At the height of the COVID-19 pandemic, it was difficult to find a workplace that wasn’t experiencing big changes as an effect of the situation. The business landscape was effectively changed within only a 3-6 month span. One of the biggest changes implemented by a vast number of California employers was the implementation of temporary work-from-home accommodations for employees who could complete their job duties from home. Even employers who adamantly opposed telecommuting embraced it in order to avoid shutting down entirely.
Temporary Work-from-Hone Situations that Are Sticking Around
Initially, temporary work-from-home assignments were a matter of survival for most companies. Desperate employers had every intention of bringing their workforce back to the office full-time post-pandemic, but now that the lockdowns are no longer in force, and California workers have the freedom to work in the office again - many are choosing to stay home. And many of their employers are on board.
California Businesses Discovered they Could Thrive Amid a Virtual Workplace
Many California businesses discovered very quickly that they could thrive without having anyone step foot in the office. What does this mean for the California workforce? For many, it means that remote work is not actually a temporary situation, but a new situation.
Working from Home: an Adjustment that is Posing Legal Questions
If you are a non-exempt, hourly-paid employee, and you are used to working on the clock, adjusting to a remote office from your home can pose a few questions. First and foremost, how does working from home change your overtime pay rate, and how it’s calculated? The answer is simple - it changes nothing at all.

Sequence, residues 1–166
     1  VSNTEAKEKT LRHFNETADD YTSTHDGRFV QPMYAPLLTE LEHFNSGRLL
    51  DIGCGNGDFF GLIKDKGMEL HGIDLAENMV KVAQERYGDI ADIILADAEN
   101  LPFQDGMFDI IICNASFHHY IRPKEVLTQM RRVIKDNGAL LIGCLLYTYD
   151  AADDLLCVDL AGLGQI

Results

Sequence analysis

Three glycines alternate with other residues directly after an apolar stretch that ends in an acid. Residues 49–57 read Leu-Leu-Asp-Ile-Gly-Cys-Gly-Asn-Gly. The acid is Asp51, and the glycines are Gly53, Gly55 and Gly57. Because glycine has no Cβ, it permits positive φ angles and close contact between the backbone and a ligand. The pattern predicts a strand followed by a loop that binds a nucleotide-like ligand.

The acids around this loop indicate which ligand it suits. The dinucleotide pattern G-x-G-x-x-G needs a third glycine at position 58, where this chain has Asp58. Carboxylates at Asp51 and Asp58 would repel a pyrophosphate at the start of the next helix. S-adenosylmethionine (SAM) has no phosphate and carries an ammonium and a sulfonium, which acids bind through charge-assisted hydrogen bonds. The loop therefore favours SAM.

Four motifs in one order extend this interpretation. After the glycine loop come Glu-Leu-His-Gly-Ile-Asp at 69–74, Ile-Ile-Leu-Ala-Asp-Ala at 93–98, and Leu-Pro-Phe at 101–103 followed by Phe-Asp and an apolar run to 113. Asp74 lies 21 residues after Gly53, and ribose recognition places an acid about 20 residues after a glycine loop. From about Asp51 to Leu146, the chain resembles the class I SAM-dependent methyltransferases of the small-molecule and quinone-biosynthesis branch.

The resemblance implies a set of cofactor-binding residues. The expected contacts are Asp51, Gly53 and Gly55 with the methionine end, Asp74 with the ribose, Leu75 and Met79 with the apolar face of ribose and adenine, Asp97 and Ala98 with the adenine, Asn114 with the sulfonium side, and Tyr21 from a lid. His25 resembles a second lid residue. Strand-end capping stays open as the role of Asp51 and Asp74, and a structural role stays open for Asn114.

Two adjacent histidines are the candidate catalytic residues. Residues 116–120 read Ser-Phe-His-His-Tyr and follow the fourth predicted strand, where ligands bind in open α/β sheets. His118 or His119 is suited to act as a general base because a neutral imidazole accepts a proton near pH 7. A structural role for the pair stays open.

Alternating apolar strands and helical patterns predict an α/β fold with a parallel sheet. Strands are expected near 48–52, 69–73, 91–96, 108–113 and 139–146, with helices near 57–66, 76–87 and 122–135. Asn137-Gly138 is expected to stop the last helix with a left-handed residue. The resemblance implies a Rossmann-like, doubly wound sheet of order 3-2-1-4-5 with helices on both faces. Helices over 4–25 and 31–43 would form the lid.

Working for Wages at Home vs. Working for Wages at the Office
There is essentially no difference between working for wages at home or working for wages at the office. When it comes to overtime hours, and overtime pay calculations, a worker’s relocation to a new job site is not a factor. As long as you are a non-exempt employee, working from home has no effect on your ability to earn overtime pay. However, working from home can sometimes blur the line between on the clock and off the clock. Pay attention to your work habits and make sure that you are keeping firm boundaries between your work life and your home life. Accurately track your hours, and avoid off-the-clock work. Be careful if you are handling calls, emails, or tasks on demand rather than during work hours. If you do handle work outside of your normal working hours, clock in or keep track of your hours carefully. There’s nothing wrong with working outside of normal business hours to get more work done - as long as your employer is willing to compensate you for the overtime.
If you are a non-exempt California employee and you aren’t being compensated for overtime hours because you work from home, get in touch with Moss Bollinger, Sherman Oaks, California employment law attorney. He's dedicated to protecting and asserting the rights of his clients. Call 866-942-7974 today for a free consultation or contact us online.